Diabetes increases the chances of delirium – a disturbed state of consciousness – and mortality, except with a history of metformin use.
The incidence of delirium – a disturbed state of consciousness marked by confusion, disorientation, and hallucinations – is higher in people with dementia. Furthermore, type 2 diabetes increases the risks of dementia. For this reason, researchers have sought to uncover a link between diabetes and delirium. In their quest to uncover this link, researchers have analyzed individuals taking the anti-diabetes drug metformin to find whether it reduces the onset of delirium in diabetic patients.
Published in Aging, Shinozaki and colleagues from Stanford University in California show data suggesting that metformin reduces the probability of delirium in diabetic patients. Moreover, diabetes patients on metformin exhibit improved chances of survival over a three-year period compared to diabetes patients who do not take metformin. What’s more, in individuals with dementia and delirium, diabetic patients who took metformin had lower mortality risks than non-diabetic patients. These findings support further research investigating metformin’s pro-longevity benefits.
“In this report we aimed to investigate the relationship between [type 2 diabetes] and delirium risk with a focus on the influence from metformin,” said Shinozaki and colleagues.
To examine whether metformin reduces the probability of delirium for diabetes patients, Shinozaki and colleagues analyzed 1,404 subjects. The average age of these individuals was 68.6 years, and among them, 506 had diabetes, with 264 of the diabetes patients having a history of metformin use. The prevalence of delirium in diabetes patients who didn’t use metformin was significantly higher than in those without diabetes. A non-significant statistical trend also suggested that diabetic patients who used metformin had a reduced prevalence of delirium. These results suggest that delirium prevalence is significantly higher in diabetes patients and that metformin use may reduce delirium prevalence in diabetic patients.
To get a better handle on metformin’s benefits, Shinozaki and colleagues measured whether it affects mortality. They found diabetes patients who took metformin had significantly lower mortality compared to diabetic patients who didn’t take metformin over a three-year period. Furthermore, there was no difference in mortality between diabetic patients who took metformin and individuals who don’t have diabetes. These interesting findings suggest that metformin use may increase the probability of survival in diabetic patients, comparable to those seen in non-diabetic individuals.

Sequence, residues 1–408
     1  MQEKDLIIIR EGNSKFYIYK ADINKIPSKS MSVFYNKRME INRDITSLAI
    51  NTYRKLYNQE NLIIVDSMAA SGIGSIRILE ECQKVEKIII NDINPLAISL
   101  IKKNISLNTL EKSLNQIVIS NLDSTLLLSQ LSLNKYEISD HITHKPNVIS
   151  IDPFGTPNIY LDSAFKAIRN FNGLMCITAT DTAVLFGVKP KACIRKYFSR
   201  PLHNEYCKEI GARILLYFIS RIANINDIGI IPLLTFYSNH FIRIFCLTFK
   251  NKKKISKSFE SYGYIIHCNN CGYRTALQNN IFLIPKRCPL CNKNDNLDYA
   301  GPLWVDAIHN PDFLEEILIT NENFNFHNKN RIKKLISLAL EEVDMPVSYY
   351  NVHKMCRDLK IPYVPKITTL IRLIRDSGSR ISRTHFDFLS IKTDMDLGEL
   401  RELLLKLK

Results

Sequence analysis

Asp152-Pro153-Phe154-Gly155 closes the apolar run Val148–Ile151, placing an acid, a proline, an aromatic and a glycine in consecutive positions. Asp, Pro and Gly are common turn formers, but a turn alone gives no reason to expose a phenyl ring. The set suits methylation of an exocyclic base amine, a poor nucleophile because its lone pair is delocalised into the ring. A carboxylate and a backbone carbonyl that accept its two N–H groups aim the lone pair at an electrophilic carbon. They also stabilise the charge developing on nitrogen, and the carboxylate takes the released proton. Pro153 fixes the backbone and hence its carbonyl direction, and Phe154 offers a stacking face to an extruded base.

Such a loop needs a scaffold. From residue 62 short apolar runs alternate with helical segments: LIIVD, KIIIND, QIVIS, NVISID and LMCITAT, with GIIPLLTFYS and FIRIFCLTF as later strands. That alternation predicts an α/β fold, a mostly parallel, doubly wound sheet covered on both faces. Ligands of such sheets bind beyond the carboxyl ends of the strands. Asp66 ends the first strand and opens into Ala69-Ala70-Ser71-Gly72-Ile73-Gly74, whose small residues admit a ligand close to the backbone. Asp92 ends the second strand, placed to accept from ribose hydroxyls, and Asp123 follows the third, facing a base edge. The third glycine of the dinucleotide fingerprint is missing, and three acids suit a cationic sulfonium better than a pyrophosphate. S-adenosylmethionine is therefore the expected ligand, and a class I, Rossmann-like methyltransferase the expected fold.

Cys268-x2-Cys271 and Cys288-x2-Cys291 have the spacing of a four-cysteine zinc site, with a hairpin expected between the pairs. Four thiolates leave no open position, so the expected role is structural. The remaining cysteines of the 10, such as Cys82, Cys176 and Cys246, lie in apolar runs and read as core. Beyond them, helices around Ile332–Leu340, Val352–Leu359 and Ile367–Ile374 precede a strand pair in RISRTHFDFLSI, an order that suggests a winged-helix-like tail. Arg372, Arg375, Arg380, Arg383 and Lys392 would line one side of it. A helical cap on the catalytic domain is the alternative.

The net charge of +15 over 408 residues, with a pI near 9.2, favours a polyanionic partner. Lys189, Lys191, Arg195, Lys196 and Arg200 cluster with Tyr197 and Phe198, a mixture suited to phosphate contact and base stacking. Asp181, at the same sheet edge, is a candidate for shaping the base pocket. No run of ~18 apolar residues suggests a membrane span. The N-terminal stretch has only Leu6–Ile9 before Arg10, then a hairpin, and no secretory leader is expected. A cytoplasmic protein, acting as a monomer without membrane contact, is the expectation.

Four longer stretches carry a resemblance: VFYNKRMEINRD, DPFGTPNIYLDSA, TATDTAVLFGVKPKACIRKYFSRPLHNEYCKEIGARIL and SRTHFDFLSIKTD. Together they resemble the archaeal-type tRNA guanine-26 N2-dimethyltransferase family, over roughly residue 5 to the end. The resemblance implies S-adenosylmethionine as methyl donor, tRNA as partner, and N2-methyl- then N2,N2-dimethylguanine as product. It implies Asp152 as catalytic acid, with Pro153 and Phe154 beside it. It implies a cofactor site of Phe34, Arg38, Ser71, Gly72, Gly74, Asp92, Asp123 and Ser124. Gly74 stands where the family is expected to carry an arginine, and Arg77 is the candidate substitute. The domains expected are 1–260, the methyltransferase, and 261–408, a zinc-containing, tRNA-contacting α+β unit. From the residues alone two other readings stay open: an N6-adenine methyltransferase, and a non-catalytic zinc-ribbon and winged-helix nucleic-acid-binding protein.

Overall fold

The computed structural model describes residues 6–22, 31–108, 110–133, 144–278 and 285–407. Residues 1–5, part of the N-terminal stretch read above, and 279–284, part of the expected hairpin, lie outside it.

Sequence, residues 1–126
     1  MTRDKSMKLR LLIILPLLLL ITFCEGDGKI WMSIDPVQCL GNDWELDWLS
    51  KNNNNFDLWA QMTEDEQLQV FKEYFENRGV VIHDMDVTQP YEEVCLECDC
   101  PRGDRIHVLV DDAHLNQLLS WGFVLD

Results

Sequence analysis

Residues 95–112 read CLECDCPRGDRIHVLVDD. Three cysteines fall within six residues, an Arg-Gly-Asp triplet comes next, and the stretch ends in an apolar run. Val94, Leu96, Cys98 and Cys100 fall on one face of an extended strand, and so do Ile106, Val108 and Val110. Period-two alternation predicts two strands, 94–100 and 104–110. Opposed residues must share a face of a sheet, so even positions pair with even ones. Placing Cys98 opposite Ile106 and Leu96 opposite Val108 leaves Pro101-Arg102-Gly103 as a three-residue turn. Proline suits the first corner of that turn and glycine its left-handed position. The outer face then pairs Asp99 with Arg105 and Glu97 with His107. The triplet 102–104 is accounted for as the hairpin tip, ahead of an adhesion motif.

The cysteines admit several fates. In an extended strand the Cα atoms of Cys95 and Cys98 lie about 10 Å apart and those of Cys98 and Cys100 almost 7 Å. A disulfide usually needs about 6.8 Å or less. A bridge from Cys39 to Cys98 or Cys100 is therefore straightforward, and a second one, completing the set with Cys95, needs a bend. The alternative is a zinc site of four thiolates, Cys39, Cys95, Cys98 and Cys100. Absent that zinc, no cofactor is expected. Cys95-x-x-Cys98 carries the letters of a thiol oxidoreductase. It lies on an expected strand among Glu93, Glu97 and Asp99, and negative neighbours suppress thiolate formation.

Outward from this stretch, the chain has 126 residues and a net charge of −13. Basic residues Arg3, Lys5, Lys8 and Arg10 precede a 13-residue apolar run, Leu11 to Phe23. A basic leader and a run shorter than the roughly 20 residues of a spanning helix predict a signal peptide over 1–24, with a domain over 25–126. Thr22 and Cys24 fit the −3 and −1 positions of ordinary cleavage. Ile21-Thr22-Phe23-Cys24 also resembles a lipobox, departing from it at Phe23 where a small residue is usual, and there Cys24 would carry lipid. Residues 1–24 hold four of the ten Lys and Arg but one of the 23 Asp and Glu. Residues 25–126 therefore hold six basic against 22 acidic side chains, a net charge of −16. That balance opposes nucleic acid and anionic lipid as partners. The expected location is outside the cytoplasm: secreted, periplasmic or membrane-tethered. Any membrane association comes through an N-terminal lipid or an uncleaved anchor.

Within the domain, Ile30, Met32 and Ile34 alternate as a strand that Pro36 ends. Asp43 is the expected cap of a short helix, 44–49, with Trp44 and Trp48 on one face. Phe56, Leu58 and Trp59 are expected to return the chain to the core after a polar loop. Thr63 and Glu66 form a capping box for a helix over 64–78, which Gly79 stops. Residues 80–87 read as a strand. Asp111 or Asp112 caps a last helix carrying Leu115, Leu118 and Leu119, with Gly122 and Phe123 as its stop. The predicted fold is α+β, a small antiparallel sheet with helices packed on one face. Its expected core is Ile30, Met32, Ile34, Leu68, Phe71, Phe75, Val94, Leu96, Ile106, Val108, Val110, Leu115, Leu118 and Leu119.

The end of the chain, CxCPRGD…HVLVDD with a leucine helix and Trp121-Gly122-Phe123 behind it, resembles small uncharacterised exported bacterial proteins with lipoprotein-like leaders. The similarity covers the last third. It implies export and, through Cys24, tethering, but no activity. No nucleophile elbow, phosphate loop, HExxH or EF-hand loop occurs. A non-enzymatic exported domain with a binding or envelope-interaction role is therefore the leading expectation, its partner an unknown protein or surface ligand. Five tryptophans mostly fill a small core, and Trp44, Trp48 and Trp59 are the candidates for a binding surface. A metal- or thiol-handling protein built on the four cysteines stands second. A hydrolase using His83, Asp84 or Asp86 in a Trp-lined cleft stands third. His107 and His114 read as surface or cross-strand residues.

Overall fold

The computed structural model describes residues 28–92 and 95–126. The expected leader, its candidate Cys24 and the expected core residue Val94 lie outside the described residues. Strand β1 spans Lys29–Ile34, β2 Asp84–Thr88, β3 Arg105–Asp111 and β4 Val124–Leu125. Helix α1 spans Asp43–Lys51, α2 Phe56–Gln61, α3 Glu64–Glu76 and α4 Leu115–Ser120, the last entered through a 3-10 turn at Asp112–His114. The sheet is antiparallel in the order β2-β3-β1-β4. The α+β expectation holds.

In search of further details regarding metformin’s benefits, Shinozaki and colleagues examined groups of individuals with dementia and delirium. Intriguingly, in both of these groups, diabetic patients who took metformin had a higher probability of survival during a three-year period than diabetic patients who didn’t take metformin and even non-diabetic individuals. These findings highlight the possibility that metformin may increase survival probabilities in multiple patient populations.
“Our data showed this potential benefit of metformin. The question is whether people without [type 2 diabetes] should start taking metformin,” said Shinozaki and colleagues.
The Stanford-based team suggests the possibility of administering metformin to patients undergoing major surgery, like cardiac, neuro, or orthopedic surgery. Future clinical studies on metformin use and mortality for these patient populations could one day reveal that metformin improves survival.
This also brings into question whether metformin could even be used to treat aging itself. Metformin is known to activate AMP-activated protein kinase (AMPK), a protein that enhances cellular metabolism and mitochondrial health. Moreover, metformin inhibits the protein mammalian target of rapamycin (mTOR), which regulates growth. Cell pathways involving AMPK and mTOR are known to influence aging processes, so metformin could exert anti-aging effects by influencing the activity of these proteins.
Limitations to the study include the short, three-year duration during which mortality was evaluated. Moreover, the study only examined overall metformin use and didn’t evaluate varying effects of metformin at different doses, as goes with all studies of this kind that analyze data from the past (retrospective study). For this reason, none of the interventions could be controlled, and no cause-and-effect relationships could be inferred.
Model: Human with an average age of 68.6 years
Dosage: Metformin use at unspecified dosages